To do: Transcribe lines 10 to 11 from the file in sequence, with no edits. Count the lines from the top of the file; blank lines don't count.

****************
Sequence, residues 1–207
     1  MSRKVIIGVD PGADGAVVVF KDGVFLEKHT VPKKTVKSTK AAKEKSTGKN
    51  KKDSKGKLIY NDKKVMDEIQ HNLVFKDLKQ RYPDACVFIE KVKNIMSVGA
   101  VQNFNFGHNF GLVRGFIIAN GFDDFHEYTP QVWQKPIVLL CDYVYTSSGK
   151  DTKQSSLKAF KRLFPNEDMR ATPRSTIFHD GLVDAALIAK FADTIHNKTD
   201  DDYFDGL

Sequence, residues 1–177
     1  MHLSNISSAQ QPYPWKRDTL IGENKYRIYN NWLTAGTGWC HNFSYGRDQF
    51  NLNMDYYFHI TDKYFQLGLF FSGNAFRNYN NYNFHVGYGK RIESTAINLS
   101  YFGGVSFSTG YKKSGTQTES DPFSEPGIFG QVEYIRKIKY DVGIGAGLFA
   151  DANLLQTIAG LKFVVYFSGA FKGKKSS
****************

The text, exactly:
   101  YFGGVSFSTG YKKSGTQTES DPFSEPGIFG QVEYIRKIKY DVGIGAGLFA
   151  DANLLQTIAG LKFVVYFSGA FKGKKSS